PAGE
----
Skip to main content
  • Research article
  • Open access
  • Published:

Changes in rural older adults’ sedentary and physically-active behaviors between a non-snowfall and a snowfall season: compositional analysis from the NEIGE study



Levels of physical activity change throughout the year. However, little is known to what extent activity levels can vary, based on accelerometer determined sedentary and physically-active time. The aim of this longitudinal study was to examine older adults’ activity changes from a non-snowfall season to a subsequent snowfall season, with consideration of the co-dependence of domains of time use.


Participants were 355 older Japanese adults (53.1% women, aged 65–84 years) living in a rural area of heavy snowfall who had valid accelerometer (Active style Pro HJA-750C) data during non-snowfall and snowfall seasons. Activity was classified as sedentary behavior (SB), light-intensity PA (LPA), and moderate-to-vigorous PA (MVPA). Compositional changes from the non-snowfall to the snowfall season were analyzed using Aitchison’s perturbation method. The ratios of each component in the composition, such as [SBsnow/SBnon-snow, LPAsnow/LPAnon-snow, MVPAsnow/MVPAnon-snow] for seasonal changes, were calculated and were then divided by the sum of these ratios.


In men, the percentages of time spent in each activity during the non-snowfall/snowfall seasons were 53.9/64.6 for SB; 40.8/31.6 for LPA; and 5.3/3.8 for MVPA; these corresponded to mean seasonal compositional changes (∆SB, ∆LPA, ∆MVPA) of 0.445, 0.287, and 0.268 respectively. In women, the percentages of time spent in each activity during the non-snowfall/snowfall seasons were 47.9/55.5 for SB; 47.9/41.0 for LPA; and 4.2/3.5 for MVPA; these corresponded to mean seasonal compositional changes (∆SB, ∆LPA, ∆MVPA) of 0.409, 0.302, and 0.289 respectively. The degree of seasonal change was greatest in men.


In older adults, activity behaviors were changed unfavorably during snowfall season, particularly so for men. The degree of seasonal change was greatest for SB. Development of strategies to keep rural older adults active during the snowfall season may be needed for maintaining a consistently-active lifestyle for their health.

Peer Review reports


Global physical activity guidelines state that older adults should do at least 150 min per week of moderate-intensity physical activity, at least 75 min vigorous-intensity physical activity, or an equivalent combination of both, in bouts lasting 10 min or more [1]. Physical inactivity increases the risk of many adverse health outcomes including mortality, cardiovascular disease, type 2 diabetes, several types of cancer, and cognitive decline [2,3,4,5,6]. In recent years, there has been significant growth in research investigating the detrimental health effects of sedentary behavior (SB; put simply, too much sitting) [7, 8]. Reducing SB and increasing physical activity are key ingredients of initiatives to reduce the global burden of non-communicable diseases [2, 9].

There is a growing body of evidence identifying the importance of natural environments (the attributes of which can vary greatly by season) as well as built environments as influences on physical activity [10, 11]. One systematic review of 37 studies from eight different countries showed that levels of physical activity tended to be lowest during winter [10]. To date, however, most of these studies have relied on self-report physical activity assessments and have not focused on older adults [10]. Objective assessment (via accelerometers) can now overcome problems of recall and reporting bias and allow more accurate and finer-grained assessments of activity behavior patterns: SB, light-intensity physical activity (LPA), and moderate-to-vigorous physical activity (MVPA) [12]. There is limited evidence on how season affects device-based activity behaviors [13,14,15]. Compositional data analysis (CoDa) allows consideration of the co-dependence of time spent in all behaviors arising within a day or other fixed period [16, 17]. To date, no previous study has investigated seasonal changes of activity behaviors, taking time spent in each activity behavior into account.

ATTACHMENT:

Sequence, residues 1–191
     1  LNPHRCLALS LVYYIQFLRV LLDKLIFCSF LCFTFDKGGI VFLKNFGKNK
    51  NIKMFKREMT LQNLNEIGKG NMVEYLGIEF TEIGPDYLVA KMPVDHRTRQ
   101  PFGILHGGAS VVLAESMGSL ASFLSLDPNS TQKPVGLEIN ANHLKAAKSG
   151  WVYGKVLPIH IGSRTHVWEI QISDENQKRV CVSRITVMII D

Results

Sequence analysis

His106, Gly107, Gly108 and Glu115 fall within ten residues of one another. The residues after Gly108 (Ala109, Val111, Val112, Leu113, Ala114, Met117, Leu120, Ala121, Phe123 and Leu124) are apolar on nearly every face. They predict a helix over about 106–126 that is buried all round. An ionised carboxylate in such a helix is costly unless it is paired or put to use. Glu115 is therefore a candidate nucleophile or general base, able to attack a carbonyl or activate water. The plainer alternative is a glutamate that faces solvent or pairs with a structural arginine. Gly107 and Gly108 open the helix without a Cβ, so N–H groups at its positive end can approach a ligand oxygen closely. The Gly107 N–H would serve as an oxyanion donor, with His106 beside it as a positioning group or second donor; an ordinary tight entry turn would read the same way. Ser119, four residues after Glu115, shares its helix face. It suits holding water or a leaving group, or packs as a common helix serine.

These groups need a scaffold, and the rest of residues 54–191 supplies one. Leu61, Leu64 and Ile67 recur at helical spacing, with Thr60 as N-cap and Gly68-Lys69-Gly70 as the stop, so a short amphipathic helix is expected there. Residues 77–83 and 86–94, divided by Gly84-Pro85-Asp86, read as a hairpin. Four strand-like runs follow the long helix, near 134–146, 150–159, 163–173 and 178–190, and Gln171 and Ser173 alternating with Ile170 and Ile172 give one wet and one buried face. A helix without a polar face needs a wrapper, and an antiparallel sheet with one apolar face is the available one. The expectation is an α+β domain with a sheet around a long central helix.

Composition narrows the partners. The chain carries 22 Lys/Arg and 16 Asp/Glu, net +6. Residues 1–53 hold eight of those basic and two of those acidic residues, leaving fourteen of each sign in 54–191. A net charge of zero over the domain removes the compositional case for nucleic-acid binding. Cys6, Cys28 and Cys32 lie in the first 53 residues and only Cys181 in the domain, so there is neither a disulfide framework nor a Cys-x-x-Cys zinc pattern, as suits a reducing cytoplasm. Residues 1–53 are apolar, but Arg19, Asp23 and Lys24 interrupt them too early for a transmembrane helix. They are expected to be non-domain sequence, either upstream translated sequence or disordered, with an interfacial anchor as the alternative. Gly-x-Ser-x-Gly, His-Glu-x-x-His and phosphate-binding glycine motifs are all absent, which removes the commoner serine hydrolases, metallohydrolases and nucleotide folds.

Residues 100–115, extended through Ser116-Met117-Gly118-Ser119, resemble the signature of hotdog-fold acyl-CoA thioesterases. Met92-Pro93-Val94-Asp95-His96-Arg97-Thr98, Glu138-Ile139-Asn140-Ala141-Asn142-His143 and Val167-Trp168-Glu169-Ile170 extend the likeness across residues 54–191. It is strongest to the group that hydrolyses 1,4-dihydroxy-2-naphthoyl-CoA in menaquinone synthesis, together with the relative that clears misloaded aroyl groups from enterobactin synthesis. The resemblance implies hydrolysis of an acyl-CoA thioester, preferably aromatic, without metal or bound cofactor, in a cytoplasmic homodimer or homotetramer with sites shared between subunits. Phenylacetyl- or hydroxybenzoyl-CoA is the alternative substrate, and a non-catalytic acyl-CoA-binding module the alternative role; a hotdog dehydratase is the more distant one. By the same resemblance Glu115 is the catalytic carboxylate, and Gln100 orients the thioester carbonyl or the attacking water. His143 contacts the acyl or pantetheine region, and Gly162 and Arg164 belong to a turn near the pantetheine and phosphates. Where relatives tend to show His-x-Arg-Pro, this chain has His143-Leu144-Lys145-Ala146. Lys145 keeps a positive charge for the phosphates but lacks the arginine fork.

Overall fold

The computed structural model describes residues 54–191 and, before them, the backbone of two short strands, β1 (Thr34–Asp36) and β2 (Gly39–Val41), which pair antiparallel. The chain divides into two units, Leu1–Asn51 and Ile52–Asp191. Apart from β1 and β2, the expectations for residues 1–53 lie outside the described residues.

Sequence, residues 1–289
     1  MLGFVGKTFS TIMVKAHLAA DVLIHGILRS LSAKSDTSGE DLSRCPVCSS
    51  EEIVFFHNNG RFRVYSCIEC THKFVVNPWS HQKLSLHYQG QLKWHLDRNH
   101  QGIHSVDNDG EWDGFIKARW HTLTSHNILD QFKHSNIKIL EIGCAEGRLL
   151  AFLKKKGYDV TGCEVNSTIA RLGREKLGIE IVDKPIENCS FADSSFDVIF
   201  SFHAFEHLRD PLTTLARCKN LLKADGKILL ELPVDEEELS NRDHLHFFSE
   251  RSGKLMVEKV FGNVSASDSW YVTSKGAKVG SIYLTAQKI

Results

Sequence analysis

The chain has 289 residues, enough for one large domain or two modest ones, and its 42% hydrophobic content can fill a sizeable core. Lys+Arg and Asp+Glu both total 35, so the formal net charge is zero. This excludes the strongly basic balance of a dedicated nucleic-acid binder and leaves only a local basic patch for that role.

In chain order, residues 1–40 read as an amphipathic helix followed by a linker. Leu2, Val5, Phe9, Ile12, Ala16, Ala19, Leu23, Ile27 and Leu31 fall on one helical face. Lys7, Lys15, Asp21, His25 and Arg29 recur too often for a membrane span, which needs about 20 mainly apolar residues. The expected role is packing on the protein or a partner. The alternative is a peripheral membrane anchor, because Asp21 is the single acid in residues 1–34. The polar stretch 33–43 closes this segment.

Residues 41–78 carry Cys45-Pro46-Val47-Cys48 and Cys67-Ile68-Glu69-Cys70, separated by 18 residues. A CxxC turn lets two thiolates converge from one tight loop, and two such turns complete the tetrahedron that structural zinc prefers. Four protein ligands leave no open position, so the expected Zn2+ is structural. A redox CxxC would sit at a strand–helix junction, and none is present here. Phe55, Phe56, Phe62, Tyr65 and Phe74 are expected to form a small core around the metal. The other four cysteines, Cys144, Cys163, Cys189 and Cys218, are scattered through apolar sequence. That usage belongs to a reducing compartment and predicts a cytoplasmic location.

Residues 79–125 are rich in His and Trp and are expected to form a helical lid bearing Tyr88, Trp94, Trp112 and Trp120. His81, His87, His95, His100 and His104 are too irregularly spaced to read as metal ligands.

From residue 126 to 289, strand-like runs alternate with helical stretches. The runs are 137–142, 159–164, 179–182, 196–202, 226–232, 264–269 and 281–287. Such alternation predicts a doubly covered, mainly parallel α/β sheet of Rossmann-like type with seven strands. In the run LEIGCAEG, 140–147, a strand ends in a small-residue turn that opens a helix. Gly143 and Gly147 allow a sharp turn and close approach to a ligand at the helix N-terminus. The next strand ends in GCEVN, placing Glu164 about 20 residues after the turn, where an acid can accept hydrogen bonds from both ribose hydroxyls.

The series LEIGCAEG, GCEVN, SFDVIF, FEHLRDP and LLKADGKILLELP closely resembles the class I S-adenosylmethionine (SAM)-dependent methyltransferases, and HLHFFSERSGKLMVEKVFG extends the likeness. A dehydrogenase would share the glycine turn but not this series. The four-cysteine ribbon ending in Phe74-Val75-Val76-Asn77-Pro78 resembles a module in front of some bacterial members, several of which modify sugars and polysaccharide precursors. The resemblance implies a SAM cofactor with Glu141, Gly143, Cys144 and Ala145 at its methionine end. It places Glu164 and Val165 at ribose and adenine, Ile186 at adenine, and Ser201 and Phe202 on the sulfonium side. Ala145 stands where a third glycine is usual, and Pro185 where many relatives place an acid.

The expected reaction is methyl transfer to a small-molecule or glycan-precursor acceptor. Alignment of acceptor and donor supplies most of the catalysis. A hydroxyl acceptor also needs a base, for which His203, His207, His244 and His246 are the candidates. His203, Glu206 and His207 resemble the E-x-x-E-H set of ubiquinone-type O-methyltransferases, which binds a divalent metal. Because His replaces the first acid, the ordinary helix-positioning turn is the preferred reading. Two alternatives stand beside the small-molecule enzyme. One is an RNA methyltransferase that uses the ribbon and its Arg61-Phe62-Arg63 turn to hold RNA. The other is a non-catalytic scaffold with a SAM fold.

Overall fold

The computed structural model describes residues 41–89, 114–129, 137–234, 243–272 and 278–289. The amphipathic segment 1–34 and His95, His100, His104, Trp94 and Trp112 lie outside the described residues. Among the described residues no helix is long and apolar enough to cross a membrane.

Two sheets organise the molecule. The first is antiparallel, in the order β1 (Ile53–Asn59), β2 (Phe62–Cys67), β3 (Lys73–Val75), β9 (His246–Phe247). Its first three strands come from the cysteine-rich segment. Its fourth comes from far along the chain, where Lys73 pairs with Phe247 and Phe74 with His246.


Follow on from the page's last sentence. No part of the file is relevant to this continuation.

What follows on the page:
We compared times spent in accelerometer-measured activity behaviors during a non-snowfall and a snowfall season in a sample of community-dwelling older Japanese adults, using the CoDa approach. We also explored which activity behaviors were most affected by season.


Study sample and data collection

We used longitudinal data from the Neuron to Environmental Impact across Generations study (NEIGE study). The methods of this study are described in previous study [18]. Participants were older adults without long-term care living in Tokamachi city, Japan. Tokamachi is a rural city, officially registered as a heavy snowfall region during winter, located in the southernmost region of Niigata Prefecture. Participants were from two areas: Matsunoyama (mountain) area or Tokamachi area (downtown). The mountain area (2.89 m maximum snow depth) had more snow than the downtown area (1.97 maximum snow depth) during winter [18]. The average temperature at Tokamachi city in February 2018 was − 0.9 °C (lowest − 8.3 °C, highest 9.1 °C) [19].

Briefly, in 2017, a total of 1346 residents were recruited from a resident registry, using stratified random sampling. In the non-snowfall season (autumn) of 2017, we conducted a questionnaire survey and health examination of 527 older adults who agreed to enrollment in the NEIGE study; at the same time, they were asked to wear an accelerometer. Of these participants, 381 agreed to also wear an accelerometer during the snowfall season (winter) of 2018.

Accelerometer-measured activity behaviors